ECM editorial writer
The recent drowning of a six-year-old at a supervised country club pool points out the need for more vigilance and knowledge on how to save a person from drowning.
Last year there were 50 drowning deaths in Minnesota, 19 of them in Hennepin County. Six persons drown every day in the United States. A third of them are children under 14.
Children from one to four years of age drown more in residential swimming pools.
On Wednesday, June 6 there was another tragic example in South Chisago Lake Township of rural Chisago County where a 14-month-old infant girl drowned in the shallow end of an above ground pool.
A recent study of Hennepin County drowning deaths by a task force, revealed that last year the majority of drowning deaths happened in apartment complex pools.
What’s more, the study showed that many of the residents had no idea how to react to a drowning. There isn’t much time to save someone who becomes unconscious after being submerged in water for two minutes or less and brain damaged after being under water four to six minutes.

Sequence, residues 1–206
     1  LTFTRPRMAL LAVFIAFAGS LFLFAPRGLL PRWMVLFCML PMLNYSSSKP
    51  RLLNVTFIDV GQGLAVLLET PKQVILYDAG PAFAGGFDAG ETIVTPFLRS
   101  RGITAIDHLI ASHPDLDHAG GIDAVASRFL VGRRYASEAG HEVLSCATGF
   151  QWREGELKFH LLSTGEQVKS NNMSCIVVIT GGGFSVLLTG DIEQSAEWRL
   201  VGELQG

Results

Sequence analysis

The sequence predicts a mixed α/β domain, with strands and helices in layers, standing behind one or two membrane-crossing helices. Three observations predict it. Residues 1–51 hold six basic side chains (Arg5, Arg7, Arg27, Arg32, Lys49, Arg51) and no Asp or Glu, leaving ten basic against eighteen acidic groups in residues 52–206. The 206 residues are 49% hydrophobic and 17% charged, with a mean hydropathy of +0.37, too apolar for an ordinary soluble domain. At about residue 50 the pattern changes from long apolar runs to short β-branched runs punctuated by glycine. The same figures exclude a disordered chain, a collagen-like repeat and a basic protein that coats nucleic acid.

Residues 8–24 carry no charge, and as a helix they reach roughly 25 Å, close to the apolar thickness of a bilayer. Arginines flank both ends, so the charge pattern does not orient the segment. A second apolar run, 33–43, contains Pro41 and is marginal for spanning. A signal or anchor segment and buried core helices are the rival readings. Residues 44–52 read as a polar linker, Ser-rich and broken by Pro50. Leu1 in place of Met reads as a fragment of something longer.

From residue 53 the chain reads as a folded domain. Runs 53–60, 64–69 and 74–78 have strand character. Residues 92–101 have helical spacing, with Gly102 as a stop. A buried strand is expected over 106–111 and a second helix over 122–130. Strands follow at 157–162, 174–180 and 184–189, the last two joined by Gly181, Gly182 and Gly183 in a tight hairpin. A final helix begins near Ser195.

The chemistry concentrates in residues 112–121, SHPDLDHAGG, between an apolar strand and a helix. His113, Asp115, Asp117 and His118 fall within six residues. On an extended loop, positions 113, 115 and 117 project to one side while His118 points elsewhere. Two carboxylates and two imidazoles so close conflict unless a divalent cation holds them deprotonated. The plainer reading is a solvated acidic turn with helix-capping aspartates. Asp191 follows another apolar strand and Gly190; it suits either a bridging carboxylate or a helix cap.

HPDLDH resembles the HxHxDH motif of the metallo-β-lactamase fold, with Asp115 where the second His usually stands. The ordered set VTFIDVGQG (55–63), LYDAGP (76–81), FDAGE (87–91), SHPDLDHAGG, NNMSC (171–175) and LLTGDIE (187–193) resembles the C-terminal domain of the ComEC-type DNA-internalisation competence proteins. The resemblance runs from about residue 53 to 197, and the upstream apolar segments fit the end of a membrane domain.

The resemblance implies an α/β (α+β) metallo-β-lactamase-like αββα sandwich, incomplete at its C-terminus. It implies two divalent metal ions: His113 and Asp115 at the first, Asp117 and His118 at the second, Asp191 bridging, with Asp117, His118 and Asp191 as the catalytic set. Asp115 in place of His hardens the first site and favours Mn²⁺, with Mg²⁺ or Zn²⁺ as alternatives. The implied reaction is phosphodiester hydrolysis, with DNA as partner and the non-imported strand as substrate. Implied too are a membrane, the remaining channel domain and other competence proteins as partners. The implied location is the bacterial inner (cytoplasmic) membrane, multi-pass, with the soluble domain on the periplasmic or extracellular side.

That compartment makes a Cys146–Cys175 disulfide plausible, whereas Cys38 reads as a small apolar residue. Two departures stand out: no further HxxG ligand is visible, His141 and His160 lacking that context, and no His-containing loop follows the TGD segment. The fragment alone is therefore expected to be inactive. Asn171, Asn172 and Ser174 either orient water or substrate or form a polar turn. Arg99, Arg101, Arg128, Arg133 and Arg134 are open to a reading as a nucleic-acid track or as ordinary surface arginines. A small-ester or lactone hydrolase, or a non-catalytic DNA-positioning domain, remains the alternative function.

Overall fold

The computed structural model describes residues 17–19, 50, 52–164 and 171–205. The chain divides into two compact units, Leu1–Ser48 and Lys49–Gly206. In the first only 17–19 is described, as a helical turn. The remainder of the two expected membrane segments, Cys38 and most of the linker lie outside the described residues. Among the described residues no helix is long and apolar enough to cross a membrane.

A new Safety Coalition, the Twin Cities Metro Water Safety Task Force, is so concerned about drowning deaths, it has conducted three classes on water safety aimed at people who frequent private pools in apartment complexes.
Sara Cwayna, a public safety education specialist for the city of Plymouth, noted that most people do not know the signs of someone drowning.
Those people do not realize that drowning can be quick and silent, contrary to the misconception of victims jumping up and screaming for help. The first reaction of a bystander is to jump into the water and try to save the victim, who may climb on the rescuer’s back causing both to drown.
The task force found there was safety equipment at the pools but no one knew how to use the equipment. They should use the ring buoy or a Shepherd’s hook to save the person.
The task force has put together a CD in English and Spanish on how to prevent drowning deaths. It will be available soon on the a video-sharing website YouTube and on demand.
A plastic poster in five languages that can be posted at swimming pools soon will be available at a cost of $65. For information on the CD and poster, call LeeAnn Mortensen at North Memorial Hospital, Injury Prevention: 763-520-4145.
The task force is hoping for donations to buy posters that can be placed in pools throughout the area. This effort deserves your support.